As an au pair coming to the United States, a new environment and different types of plants and pollen may cause you to experience allergy symptoms that you never faced in your home country. With the right planning and preparation, you can make sure allergies do not disrupt your cultural exchange experience in the U.S.
Here are a few helpful tips to prepare you for seasonal allergies that can crop up throughout the year.
4 Tips for Allergy Preparation & Treatment
- Bring medication from home: If you suffer from allergies in your home country, then you will most likely still suffer when abroad, just maybe not to the same extent. Make sure you have all the medication you need to cover you while you are abroad. If it is an over the counter medication, check to see if you can get the same medication when abroad; if not take a good supply with you. If you are on a prescribed allergy medication, get this filled before leaving your home country to make sure you have enough medication during your time in the U.S. Insurance will not cover your medication abroad if you have an existing condition.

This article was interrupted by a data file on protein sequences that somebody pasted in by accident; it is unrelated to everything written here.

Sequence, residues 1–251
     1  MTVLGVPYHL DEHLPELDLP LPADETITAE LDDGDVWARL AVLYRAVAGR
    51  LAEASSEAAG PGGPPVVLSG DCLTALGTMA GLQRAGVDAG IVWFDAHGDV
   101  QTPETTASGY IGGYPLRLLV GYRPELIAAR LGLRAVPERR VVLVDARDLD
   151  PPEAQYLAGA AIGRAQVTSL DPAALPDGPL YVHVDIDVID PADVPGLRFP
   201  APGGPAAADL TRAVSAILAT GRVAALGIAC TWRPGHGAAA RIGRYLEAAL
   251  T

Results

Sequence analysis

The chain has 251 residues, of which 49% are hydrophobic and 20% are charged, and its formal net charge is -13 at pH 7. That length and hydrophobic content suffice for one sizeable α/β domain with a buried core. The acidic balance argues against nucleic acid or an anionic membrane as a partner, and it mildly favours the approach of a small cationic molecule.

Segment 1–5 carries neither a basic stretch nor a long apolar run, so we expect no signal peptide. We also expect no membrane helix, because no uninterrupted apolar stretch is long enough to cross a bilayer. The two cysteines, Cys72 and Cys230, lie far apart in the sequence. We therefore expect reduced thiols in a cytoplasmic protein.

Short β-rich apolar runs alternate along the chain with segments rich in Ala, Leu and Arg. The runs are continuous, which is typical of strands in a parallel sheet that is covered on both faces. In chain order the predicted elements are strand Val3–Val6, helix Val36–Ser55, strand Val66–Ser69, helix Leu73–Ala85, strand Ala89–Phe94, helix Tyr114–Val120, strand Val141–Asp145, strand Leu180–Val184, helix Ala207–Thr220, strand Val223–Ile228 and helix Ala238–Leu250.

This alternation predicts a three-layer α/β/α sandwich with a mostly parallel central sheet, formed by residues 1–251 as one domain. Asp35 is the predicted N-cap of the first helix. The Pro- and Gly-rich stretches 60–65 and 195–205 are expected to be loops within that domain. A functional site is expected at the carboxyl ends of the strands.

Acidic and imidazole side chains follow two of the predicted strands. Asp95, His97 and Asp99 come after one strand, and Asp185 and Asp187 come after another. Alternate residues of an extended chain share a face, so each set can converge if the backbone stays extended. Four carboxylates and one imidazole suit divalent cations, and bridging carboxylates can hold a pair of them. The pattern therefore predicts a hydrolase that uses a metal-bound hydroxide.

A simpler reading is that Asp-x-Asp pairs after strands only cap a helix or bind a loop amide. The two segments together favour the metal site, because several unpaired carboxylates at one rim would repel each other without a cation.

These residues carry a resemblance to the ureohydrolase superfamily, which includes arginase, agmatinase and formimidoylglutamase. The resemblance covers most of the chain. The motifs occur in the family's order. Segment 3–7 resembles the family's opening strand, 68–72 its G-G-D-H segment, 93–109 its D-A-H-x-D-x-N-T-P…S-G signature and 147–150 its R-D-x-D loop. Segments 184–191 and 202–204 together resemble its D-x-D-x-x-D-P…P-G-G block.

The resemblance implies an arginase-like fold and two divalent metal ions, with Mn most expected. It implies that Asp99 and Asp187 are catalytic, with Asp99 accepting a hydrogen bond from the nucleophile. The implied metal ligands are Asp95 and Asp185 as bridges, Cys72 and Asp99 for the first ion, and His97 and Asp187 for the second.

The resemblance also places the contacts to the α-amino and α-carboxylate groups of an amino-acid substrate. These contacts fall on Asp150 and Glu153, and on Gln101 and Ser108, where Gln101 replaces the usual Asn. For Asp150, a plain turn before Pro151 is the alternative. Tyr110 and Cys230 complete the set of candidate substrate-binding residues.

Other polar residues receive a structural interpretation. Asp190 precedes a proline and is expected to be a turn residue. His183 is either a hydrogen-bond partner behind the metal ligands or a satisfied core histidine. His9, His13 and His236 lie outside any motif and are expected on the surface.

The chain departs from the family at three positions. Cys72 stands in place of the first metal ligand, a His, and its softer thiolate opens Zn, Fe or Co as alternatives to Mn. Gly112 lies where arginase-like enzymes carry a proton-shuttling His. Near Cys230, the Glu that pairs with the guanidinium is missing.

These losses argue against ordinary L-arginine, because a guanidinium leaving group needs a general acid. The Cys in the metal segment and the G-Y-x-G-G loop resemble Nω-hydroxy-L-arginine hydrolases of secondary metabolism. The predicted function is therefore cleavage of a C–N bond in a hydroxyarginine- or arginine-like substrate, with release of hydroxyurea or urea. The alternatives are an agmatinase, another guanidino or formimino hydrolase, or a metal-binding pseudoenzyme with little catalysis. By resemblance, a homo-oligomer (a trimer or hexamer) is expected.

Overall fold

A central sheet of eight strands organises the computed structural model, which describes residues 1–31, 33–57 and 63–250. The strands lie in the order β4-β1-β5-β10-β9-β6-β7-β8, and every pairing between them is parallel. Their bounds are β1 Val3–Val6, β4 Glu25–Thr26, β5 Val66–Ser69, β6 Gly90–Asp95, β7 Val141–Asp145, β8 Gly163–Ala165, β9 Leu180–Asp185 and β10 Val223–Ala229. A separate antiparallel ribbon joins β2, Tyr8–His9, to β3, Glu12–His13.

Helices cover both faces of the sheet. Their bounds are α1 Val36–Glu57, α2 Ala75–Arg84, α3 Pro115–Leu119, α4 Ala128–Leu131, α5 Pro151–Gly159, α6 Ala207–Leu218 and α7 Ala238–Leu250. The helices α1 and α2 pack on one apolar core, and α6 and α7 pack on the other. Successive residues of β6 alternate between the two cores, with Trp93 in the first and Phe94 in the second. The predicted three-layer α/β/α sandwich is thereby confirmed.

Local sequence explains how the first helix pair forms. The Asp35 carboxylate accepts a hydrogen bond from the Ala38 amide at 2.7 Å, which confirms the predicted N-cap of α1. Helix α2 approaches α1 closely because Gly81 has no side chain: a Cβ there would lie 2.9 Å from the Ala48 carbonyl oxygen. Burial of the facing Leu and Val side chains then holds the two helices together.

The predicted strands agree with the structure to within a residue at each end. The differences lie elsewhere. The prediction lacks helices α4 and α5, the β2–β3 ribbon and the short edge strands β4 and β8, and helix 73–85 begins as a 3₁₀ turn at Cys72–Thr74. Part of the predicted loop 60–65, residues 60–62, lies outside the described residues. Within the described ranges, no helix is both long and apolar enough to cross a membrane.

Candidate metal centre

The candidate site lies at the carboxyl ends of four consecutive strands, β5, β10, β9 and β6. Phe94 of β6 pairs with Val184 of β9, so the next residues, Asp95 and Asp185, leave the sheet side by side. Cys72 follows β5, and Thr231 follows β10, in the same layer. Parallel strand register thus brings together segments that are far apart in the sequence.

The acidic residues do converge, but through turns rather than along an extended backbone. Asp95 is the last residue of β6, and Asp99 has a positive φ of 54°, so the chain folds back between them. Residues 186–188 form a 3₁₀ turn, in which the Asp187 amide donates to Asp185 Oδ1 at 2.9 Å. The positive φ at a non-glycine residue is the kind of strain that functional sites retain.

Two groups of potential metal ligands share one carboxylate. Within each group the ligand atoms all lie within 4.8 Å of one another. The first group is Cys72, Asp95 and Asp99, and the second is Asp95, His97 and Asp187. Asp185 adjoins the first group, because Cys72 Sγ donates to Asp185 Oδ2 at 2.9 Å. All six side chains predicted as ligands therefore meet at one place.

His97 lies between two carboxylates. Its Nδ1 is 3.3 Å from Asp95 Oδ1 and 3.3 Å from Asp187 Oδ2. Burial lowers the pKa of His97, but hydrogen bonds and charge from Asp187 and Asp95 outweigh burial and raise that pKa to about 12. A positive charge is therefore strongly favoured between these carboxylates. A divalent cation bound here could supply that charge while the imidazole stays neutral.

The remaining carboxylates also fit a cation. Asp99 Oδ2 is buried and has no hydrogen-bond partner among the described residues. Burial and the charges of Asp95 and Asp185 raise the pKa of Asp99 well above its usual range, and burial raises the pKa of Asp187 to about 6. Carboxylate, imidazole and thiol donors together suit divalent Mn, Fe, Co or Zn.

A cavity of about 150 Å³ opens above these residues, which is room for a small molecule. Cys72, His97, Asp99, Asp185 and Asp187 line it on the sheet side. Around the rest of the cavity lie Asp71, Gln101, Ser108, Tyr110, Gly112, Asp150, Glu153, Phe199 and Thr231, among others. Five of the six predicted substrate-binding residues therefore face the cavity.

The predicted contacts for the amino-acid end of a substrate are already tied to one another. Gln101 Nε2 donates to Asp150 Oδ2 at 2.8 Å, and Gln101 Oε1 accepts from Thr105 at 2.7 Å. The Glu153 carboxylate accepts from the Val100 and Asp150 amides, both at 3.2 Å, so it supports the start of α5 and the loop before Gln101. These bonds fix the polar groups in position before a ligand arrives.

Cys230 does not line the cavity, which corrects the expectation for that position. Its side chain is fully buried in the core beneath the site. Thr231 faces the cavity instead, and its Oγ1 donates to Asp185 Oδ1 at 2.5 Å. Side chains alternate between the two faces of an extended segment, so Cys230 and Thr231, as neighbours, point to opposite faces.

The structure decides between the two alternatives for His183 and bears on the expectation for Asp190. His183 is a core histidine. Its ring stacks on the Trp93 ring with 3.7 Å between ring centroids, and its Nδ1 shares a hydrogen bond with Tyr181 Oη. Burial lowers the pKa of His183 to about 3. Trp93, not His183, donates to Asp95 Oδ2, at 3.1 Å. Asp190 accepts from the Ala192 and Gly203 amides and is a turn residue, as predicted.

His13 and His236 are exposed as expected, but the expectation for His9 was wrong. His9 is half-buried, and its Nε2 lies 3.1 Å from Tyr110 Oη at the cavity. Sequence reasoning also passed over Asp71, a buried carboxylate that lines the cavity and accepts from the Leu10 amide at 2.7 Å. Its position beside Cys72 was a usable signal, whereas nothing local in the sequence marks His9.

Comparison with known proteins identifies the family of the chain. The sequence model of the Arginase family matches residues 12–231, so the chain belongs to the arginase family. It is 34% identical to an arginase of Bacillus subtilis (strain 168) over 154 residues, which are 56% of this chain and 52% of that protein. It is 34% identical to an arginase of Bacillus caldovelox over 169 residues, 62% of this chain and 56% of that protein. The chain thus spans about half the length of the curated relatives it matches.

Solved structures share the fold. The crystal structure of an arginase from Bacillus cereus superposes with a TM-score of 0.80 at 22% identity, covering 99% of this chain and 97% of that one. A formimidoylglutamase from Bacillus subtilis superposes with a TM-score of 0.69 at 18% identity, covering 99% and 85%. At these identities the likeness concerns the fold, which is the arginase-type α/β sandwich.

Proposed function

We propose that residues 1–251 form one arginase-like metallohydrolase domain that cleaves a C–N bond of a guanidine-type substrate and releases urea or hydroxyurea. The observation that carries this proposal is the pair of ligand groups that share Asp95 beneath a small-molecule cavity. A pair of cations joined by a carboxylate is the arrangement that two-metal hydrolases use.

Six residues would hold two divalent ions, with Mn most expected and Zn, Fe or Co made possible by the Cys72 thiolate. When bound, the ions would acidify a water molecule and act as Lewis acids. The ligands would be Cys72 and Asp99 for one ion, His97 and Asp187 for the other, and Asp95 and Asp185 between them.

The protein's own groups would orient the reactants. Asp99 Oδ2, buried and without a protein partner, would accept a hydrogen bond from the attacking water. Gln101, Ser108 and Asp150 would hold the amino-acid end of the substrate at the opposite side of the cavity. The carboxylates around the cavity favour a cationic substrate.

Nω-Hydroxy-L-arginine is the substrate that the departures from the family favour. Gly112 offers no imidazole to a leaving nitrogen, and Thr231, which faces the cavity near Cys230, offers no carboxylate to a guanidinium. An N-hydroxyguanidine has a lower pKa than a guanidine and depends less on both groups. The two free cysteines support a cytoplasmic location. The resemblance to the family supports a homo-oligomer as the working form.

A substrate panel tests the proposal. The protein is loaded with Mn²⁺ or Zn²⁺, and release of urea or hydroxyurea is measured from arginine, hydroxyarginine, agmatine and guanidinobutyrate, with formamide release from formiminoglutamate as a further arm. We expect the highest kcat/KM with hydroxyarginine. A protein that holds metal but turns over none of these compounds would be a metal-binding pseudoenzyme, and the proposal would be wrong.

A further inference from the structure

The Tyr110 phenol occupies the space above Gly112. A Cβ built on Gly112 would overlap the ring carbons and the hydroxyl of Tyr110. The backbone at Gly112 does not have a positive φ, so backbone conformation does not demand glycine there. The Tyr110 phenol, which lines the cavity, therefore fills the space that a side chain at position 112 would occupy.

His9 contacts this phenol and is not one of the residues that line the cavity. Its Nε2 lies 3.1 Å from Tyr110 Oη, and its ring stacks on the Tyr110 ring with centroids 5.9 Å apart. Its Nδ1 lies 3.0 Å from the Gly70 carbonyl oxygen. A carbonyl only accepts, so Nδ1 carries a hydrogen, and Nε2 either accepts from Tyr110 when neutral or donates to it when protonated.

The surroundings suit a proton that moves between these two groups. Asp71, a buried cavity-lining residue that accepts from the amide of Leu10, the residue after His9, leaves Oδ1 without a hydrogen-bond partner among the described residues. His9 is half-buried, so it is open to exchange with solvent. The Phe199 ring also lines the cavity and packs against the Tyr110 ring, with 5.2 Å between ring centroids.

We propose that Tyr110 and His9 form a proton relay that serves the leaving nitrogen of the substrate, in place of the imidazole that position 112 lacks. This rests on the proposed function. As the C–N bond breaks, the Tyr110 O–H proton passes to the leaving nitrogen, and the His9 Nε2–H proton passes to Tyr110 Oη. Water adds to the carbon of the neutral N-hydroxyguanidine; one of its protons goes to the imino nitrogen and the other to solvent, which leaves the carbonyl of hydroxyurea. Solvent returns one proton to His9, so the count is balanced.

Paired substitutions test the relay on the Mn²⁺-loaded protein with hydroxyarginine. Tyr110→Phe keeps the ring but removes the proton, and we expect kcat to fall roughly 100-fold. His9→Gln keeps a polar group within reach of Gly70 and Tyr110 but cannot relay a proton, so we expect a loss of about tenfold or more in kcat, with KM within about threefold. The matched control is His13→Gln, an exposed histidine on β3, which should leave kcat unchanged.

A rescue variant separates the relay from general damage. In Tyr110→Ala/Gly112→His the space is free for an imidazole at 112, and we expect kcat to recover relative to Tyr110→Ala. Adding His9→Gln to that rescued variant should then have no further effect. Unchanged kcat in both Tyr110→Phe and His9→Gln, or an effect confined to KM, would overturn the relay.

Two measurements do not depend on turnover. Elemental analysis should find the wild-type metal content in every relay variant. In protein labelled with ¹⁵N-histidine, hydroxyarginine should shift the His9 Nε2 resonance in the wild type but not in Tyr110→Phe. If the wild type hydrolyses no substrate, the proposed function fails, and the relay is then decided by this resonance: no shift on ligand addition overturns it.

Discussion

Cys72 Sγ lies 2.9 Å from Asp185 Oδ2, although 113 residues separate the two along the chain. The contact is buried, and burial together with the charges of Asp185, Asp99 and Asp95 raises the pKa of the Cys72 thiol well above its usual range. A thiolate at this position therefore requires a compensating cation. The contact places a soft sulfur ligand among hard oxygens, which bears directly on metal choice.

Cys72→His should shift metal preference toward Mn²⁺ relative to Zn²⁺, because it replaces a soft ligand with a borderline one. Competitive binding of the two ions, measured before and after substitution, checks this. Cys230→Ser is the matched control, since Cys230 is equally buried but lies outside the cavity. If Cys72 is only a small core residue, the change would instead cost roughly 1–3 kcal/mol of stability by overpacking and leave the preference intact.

- Go to the local pharmacy. If you develop a new allergy when you are abroad, the first stop should be the local pharmacy. They will help you select over the counter medication that will help in most cases. It is not advisable to seek treatment from a doctor for simply allergies, unless they are severe, as most can be safely treated with these over the counter medications.
- Look for natural summer allergy remedies. We recommend this excellent article from Mother Earth News that describes 6 natural allergy remedies.
- Eat local honey. Local honey will contain most of the main allergens in the area because the bees visit the local flowers and plants. Exposure to this honey has been known to build up your tolerance to these allergens and may be able to help relieve some symptoms of summer allergies!
Although uncomfortable, summer allergies do not tend to last too long. Hopefully these tips will help you treat them and make the most of your time as an au pair in the United States!
by Ross Mason